• Time of day: Is it better for you to work on burners at the beginning of the day when you’re most focused? Or do you need to do a few ‘builder’ tasks first to get the ball rolling.

  • Duration: Do you prefer to break big ‘burners’ into smaller, more manageable pieces? Or is it easier for you to reserve a larger block of focused time to get it all done at once?

  • Proximity: Consider building an ‘energy sandwich’. Schedule energy ‘builders’ before and after ‘burners’ to make sure you have enough energy in the tank to get you through the day.

These are just a few ideas to get you started! With time and attention, you’ll figure out your own strategies. The core idea is that you want to build boundaries about how much energy you are expending, ensuring that you have enough left to take care of yourself.

There are many boundary-setting habits that can contribute to a culture of self-care! Here are a few of my favourites:

Set office hours and stick to them

If you work from home or are self-employed, it’s easy to find yourself stuck in work mode at all hours of the day at night. It’s exhausting! Set your office hours, and stick to them, unless there’s an exceptional circumstance or opportunity (ie attending a conference on a weekend, or working a few evenings so you can take an extra day off).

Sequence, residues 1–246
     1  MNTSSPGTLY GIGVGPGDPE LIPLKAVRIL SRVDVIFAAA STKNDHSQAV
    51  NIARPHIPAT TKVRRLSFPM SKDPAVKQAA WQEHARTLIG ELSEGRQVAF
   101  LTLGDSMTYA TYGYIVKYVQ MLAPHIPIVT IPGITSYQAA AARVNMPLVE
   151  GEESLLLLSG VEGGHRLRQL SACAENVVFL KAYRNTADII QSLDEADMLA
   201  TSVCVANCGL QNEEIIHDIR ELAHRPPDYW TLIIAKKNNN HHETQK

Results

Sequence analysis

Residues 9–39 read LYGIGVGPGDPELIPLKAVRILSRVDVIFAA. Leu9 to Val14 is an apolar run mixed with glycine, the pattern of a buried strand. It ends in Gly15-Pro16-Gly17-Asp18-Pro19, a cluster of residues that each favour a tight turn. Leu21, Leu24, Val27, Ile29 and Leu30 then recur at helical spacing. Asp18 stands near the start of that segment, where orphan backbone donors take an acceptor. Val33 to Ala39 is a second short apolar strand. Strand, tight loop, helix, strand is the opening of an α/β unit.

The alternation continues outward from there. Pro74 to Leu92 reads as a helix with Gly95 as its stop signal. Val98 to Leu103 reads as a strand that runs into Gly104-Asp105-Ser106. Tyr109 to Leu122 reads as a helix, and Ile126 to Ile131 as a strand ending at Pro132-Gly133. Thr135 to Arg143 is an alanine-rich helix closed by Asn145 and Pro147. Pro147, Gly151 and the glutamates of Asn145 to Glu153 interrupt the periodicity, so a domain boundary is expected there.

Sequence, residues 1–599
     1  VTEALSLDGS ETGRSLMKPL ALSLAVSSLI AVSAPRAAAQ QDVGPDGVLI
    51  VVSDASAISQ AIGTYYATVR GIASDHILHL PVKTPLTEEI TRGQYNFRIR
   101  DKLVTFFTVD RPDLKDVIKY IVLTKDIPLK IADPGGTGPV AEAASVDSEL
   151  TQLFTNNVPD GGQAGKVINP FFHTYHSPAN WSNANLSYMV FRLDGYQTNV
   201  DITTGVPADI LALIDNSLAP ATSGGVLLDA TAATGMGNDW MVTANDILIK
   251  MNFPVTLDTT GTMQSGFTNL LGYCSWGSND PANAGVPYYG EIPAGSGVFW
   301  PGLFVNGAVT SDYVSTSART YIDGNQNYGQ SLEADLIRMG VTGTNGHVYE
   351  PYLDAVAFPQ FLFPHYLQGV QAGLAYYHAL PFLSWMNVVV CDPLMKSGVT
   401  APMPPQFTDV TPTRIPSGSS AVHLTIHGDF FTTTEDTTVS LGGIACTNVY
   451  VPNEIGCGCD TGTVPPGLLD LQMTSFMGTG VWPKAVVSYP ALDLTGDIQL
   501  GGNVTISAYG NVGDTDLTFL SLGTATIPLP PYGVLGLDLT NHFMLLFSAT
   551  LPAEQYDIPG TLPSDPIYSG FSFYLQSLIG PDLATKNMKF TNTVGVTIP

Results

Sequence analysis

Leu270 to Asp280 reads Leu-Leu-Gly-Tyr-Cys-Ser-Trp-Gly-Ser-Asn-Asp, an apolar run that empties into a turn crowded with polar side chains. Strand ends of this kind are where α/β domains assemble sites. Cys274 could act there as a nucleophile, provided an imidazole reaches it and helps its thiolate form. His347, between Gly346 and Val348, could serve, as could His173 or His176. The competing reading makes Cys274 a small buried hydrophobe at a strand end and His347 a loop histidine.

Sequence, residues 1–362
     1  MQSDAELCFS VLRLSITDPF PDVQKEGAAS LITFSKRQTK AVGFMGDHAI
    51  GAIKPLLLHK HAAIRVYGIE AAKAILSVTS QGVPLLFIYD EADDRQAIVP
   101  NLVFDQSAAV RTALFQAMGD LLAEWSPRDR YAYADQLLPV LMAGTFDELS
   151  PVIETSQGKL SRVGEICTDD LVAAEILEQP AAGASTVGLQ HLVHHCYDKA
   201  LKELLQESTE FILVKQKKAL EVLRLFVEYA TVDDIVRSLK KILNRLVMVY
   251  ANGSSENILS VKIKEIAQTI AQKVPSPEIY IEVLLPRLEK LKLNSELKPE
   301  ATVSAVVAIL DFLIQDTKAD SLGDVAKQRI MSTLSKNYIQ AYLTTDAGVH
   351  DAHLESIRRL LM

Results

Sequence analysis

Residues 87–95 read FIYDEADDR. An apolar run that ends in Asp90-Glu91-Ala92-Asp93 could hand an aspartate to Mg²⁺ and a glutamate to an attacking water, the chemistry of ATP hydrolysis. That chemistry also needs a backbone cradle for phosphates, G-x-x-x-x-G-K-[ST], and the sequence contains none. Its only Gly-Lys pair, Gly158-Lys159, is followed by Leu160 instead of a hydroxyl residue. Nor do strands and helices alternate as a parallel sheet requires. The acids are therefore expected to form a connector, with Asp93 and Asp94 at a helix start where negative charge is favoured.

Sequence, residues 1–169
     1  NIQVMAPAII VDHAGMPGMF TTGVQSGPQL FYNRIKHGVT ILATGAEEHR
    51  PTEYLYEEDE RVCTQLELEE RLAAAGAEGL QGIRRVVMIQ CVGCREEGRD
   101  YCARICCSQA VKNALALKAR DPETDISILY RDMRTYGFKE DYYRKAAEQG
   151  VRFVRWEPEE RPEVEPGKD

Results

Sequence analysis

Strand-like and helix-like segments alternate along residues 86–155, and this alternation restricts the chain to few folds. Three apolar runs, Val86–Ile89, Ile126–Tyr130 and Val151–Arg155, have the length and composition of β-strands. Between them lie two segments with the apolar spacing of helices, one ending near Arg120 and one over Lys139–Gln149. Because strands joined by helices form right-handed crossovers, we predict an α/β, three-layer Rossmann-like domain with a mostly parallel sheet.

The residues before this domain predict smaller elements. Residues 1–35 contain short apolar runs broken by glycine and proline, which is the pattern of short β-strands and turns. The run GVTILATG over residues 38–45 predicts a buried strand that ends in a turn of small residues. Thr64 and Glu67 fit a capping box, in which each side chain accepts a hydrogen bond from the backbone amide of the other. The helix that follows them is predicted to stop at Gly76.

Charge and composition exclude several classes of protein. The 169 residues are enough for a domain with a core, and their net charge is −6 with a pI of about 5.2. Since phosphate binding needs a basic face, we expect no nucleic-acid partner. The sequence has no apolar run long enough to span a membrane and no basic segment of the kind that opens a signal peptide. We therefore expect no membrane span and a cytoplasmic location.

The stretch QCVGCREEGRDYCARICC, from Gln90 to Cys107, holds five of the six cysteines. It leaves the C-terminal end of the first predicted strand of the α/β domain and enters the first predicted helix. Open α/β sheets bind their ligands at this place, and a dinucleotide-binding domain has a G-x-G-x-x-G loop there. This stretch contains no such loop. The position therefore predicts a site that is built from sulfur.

Work from home…don’t live at work

Every scenario has it’s pros and cons, including working from home. In addition to building boundaries regarding office hours, there are simple routines that can help you leave your work at the office…even if your office is at home!

A client shared her favourite work from home ritual: a pair of ‘office’ shoes. She puts on her work shoes at the start of the day, and takes them off when it’s time to wrap up. It’s a simple yet tangible way for her to mark the shift from work to rest.

If you’re working out of a multi-use space (ie living room, kitchen), I would encourage you to create a ‘closing time’ routine. Dust off your old briefcase or repurpose a sturdy box or bin. Use it as a landing spot for your laptop and work supplies, and pack it away at the end of the day, so you’re not staring at (and fixating on) work during your downtime.